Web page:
Sir: On 13 December the European Parliament voted to ratify the Customs Union with Turkey. It qualified its assent by a resolution calling on the Turkish government and parliament to continue reform in order "to guarantee an ongoing improvement of the human rights situation" in Turkey. However, recent "democratic reforms", pushed through by Tansu Ciller's government to prepare the ground for acceptance into the Customs Union, are already appearing hollow.
Victims of Article 8 of the Anti-Terror Law warned that the limited amendments agreed by the Turkish parliament did not guarantee freedom of expression in Turkey. Ironically, as the European Parliament discussed the Customs Union, 10 human rights activists were being indicted in Ankara under Article 159 of the Turkish penal code for statements deemed insulting to the laws of the republic. Spokespersons for some of the present government parties have clearly stated that they will not be bound by any EU resolutions on human rights, or by the international Court of Justice. Nor is there any sign of a let-up in the military campaign against the Kurdish population.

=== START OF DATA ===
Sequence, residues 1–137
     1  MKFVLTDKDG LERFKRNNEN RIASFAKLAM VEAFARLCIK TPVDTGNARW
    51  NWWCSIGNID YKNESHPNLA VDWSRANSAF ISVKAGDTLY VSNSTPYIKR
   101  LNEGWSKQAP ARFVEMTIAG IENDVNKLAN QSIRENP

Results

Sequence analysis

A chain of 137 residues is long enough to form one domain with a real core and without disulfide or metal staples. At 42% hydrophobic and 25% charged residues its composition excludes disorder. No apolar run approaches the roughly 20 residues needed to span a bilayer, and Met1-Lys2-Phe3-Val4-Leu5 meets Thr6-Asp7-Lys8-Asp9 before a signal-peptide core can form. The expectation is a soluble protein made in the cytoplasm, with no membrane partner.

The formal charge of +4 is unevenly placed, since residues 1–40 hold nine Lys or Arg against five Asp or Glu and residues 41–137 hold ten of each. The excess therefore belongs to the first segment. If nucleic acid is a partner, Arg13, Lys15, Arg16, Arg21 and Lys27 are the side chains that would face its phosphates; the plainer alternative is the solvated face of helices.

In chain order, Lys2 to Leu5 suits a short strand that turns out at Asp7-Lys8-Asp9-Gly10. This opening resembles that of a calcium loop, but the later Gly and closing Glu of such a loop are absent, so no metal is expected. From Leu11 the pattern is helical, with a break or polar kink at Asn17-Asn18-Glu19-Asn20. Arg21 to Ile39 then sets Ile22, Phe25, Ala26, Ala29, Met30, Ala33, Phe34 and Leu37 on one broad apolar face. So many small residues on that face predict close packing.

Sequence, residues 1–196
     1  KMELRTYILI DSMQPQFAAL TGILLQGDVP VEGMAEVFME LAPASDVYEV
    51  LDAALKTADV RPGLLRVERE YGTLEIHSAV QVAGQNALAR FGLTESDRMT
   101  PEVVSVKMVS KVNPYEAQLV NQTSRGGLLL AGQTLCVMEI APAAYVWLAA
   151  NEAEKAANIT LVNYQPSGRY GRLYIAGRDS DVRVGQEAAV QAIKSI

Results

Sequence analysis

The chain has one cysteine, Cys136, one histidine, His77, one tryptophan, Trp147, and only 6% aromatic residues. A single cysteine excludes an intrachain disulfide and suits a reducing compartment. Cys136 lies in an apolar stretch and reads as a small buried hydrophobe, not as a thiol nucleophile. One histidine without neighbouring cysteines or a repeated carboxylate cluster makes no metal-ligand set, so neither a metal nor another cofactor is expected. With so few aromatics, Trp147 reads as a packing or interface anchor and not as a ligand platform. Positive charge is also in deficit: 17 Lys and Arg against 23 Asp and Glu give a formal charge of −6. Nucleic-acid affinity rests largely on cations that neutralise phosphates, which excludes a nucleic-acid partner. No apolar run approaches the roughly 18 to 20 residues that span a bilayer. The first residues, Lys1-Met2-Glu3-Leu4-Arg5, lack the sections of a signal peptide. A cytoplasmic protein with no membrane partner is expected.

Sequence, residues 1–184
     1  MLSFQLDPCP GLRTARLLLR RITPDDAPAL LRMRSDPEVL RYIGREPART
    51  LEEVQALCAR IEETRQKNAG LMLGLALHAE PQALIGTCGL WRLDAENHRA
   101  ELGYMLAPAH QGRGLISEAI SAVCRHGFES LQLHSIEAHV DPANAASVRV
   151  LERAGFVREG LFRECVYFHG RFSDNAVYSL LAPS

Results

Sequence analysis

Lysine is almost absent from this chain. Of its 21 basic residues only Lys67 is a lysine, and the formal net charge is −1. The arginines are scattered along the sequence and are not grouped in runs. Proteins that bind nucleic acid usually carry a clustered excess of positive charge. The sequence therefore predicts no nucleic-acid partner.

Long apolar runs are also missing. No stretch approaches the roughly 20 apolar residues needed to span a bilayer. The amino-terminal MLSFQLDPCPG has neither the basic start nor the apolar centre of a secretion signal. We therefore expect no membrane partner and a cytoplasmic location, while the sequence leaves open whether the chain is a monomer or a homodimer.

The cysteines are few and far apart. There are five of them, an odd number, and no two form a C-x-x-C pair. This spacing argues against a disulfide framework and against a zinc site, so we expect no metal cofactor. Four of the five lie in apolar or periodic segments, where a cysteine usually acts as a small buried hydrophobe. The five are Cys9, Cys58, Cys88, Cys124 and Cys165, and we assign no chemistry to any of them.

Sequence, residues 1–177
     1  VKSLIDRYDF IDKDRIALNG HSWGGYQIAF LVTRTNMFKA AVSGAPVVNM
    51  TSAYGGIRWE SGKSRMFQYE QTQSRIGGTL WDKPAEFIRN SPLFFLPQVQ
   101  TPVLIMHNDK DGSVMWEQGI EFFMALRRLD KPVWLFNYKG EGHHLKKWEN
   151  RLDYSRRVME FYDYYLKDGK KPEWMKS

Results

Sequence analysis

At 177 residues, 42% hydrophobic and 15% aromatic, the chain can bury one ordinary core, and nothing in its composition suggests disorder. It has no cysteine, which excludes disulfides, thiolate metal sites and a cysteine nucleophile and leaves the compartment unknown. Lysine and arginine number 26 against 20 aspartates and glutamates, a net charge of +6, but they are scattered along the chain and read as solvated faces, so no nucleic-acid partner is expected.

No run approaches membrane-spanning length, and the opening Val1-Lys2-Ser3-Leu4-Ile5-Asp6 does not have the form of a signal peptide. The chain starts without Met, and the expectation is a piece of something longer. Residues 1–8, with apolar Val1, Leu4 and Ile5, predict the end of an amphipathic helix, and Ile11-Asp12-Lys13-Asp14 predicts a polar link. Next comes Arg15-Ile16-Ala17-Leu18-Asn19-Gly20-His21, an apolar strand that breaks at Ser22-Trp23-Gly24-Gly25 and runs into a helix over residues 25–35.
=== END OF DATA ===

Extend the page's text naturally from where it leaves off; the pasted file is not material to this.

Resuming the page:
In contrast, on 14 December, Abdulah Ocalan, PKK chairman, responded to the European Parliament's appeal for the Turkish government and Kurdish organisations to find a "non-violent and political solution" to the conflict by declaring a unilateral ceasefire.
It is vital that the spirit and letter of the European Parliament resolution on the Customs Union is observed, and pressure immediately exerted on the incoming Turkish government to respond in a positive way to the PKK's initiative.
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